International Women’s Day 2023: Mental health tips with PCOS | Health

Polycystic ovary syndrome (PCOS) is no longer a new concept and is largely associated with a number of health Menstrual problems in women. A complex and chronic lifelong problem caused by hormonal imbalances that lead to various physical as well as mental health problems, and women with PCOS are often diagnosed as insulin resistant, suffering from inflammation throughout the body with high levels, obesity and stress. life.

In fact, medical experts reveal that women diagnosed with PCOS are three times more likely to experience symptoms of anxiety and depression than others, and the link between the two may be due to a variety of physical, emotional, and social reasons. In an interview with HT Lifestyle ahead of International Women’s Day 2023, Dr Geeta Komar, Senior Consultant – Obstetrics and Gynecology at Kinder Women’s Hospital and Fertility Center in Bengaluru, identified a link. between PCOS and mental health and said: “Although the reason behind women getting it is that PCOS is more likely to increase the risk of depression and anxiety isn’t clear, it’s true that their symptoms are often ignored and untreated.”

She revealed: “The emotional health of women with PCOS can be particularly influenced by factors such as the ongoing physical and psychological changes they experience, decreased self-esteem, changes body image, lifestyle and inability to cope with stress. Once diagnosed, it can unleash an ocean of emotions that may not be the same for everyone but can have an amazing impact. While some people may feel frustrated and angry, or shocked and skeptical, for many it may simply be a fear of facing unforeseen health challenges. . PCOS causes an increase in androgen and DHEAS (testosterone hormone) levels that may be associated with depression and anxiety. Some research also suggests that low levels of serotonin (a nervous system chemical involved in arousing positive emotions) are found in people with PCOS, which can lead to feelings of anxiety and depression. depressed and anxious more often.

Suggesting mental health tips with PCOS, Dr Geeta Komar said: “The key to managing PCOS is being aware of the things that can trigger mood swings and managing lifestyle. PCOS is a complex disorder and if left untreated for a long time, it can affect a person’s overall health. To improve emotional health, it’s important to understand and educate yourself about PCOS, its treatment, and ways to get the right support. The good side of treating PCOS is that it can also treat many other specific underlying causes. For example, women who are diagnosed with insulin resistance may be advised to adopt a low-carb and low-sugar diet. This will also help prevent obesity and maintain a healthy weight, thus making a significant change in lifestyle. Birth control pills may be prescribed to correct hormonal imbalances and regulate the menstrual cycle.

Feelings of depression, anxiety, or mood swings are common among people with PCOS, she says, but can be better overcome with these tips:

  • Change your lifestyle habits for the better. Focus on improving your lifestyle in general rather than making short-term changes like following a specific diet, learning a sport, and meditating for a few days. Exercise regularly for at least 30 minutes a day, meditate to help yourself calm down, manage stress and focus on your goals. Eat a balanced diet that includes fiber, protein, and carbohydrates.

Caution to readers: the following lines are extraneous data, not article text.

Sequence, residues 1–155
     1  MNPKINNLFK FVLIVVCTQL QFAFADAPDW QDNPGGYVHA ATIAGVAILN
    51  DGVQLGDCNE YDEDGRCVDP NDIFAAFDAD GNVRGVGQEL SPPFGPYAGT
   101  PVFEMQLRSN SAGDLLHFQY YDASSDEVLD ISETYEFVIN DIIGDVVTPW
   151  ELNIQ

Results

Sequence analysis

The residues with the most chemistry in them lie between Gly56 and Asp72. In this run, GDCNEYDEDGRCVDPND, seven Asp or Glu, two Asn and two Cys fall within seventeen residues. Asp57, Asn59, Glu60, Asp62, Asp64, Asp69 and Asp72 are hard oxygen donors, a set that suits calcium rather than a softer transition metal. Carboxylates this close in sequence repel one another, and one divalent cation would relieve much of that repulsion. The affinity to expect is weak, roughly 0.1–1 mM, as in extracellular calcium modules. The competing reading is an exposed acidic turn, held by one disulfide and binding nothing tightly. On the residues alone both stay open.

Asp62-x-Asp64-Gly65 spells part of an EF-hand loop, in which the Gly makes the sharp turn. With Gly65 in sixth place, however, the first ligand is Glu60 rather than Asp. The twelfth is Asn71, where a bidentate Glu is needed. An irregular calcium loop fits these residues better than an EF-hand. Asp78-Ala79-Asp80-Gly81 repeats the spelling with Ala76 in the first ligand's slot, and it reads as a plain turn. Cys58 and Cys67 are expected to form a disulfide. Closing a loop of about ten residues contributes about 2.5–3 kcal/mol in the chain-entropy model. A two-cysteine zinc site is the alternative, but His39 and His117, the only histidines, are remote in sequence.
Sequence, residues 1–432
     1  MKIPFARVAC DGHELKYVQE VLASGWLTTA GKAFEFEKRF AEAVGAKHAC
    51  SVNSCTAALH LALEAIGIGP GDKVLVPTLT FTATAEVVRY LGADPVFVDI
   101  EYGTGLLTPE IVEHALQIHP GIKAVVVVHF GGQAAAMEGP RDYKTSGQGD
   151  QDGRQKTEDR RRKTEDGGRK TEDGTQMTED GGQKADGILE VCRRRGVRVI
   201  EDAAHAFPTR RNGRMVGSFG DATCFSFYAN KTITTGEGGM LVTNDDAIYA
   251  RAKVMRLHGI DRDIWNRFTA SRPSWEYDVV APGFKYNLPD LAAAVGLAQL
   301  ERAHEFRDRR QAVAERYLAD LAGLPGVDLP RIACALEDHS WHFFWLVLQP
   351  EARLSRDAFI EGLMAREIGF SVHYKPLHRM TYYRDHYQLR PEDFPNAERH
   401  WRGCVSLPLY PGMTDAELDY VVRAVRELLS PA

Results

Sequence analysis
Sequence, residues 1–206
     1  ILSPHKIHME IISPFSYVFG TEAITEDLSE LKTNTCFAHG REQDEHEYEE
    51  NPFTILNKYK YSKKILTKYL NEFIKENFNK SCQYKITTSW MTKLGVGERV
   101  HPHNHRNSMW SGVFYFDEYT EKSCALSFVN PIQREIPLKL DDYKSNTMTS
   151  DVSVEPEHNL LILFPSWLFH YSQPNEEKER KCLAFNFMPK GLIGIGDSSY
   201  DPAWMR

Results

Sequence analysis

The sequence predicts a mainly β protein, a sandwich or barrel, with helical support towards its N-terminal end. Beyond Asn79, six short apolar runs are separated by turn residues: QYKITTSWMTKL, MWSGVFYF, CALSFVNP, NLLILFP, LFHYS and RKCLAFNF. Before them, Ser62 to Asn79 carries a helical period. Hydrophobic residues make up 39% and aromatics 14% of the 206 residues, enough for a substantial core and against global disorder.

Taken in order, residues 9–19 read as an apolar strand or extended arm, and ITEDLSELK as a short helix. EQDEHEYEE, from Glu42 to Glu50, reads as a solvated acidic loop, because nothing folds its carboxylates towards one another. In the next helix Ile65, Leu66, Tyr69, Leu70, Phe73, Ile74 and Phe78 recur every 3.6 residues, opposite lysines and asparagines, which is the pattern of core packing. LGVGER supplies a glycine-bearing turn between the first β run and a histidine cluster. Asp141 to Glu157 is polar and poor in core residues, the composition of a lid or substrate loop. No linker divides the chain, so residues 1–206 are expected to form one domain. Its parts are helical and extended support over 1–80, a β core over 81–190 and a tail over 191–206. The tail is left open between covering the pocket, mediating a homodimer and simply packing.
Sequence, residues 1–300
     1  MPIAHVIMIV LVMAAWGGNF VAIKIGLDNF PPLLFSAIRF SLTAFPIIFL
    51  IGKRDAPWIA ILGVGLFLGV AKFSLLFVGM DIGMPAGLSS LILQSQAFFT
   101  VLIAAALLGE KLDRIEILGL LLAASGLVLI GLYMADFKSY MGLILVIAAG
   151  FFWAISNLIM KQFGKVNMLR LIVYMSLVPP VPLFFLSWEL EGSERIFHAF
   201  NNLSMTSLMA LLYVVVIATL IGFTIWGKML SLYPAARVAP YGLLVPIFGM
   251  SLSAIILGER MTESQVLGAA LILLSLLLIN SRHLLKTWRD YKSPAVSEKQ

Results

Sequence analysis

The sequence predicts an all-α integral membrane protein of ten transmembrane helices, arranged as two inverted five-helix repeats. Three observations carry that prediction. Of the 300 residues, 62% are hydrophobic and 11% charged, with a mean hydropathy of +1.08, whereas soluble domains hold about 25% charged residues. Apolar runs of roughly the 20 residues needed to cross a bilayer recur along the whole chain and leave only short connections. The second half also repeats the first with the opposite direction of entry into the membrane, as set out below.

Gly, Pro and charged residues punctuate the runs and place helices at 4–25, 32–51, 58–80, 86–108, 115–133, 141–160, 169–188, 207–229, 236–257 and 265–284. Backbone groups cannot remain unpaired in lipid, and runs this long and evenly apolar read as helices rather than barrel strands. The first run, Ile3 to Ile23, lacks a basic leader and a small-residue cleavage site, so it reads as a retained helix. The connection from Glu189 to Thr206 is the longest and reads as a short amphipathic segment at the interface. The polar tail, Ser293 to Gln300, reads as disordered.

• Although there are no specific studies that show that taking antidepressants helps treat PCOD as well as people without PCOD, drugs like metformin help the body use insulin, Omega-3 fatty acids, Vitamin D may help reduce symptoms of anxiety. and depression.
  • Practicing mindfulness exercises like yoga, guided meditations, breathing exercises, and relaxation techniques can help improve anxiety symptoms as well as quality of life.
  • Living with PCOS can be stressful. It can affect both physical and mental health. Factors such as changing body image and size, excessive facial and body hair growth, acne on the face, lack of fitness and motivation can be difficult to deal with. Therefore, it is important to take charge of emotional health and well-being from a young age and adopt a healthier lifestyle to maintain a healthy body weight, eat healthily and exercise. frequent. Having an open conversation with a parent, teacher, or counselor can also help.

Talking about how therapy can help, she says, “Therapies or counseling can work wonders and show effective results in treating depression if diagnosed with PCOS. Thera people from support groups and working together to find solutions can be beneficial. Remember, it’s certainly true that PCOS and depression are often linked, but with prompt treatment, symptoms can be dramatically reduced.”

She concludes, “PCOS can make you feel at least three times more depressed and anxious than if you didn’t have PCOS, although the cause is still unclear. To ease and improve symptoms, seek medical help and medications to treat both PCOS and depression. Taking the right medication will help return your menstrual cycle to normal and improve your lifestyle. If needed, consult a mental health professional to treat depression and anxiety or join a number of support groups that can provide the help you need.”


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